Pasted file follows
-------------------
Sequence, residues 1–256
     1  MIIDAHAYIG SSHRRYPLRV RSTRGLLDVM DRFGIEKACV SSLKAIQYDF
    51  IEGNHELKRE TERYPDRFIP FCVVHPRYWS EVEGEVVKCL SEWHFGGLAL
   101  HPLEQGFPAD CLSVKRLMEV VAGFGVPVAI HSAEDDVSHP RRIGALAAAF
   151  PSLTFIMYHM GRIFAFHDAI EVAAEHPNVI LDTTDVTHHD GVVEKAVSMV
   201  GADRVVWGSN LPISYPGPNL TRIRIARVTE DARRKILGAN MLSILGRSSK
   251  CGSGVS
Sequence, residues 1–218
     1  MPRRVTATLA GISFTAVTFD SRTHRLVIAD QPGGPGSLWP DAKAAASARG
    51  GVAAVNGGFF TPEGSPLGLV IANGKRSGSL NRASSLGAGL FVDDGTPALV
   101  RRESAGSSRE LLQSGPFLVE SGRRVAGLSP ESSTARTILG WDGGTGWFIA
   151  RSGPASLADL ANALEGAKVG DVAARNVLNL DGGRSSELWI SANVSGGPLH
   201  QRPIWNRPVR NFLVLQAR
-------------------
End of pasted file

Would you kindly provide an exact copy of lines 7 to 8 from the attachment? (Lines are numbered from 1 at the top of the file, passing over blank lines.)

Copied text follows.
   251  CGSGVS
Sequence, residues 1–218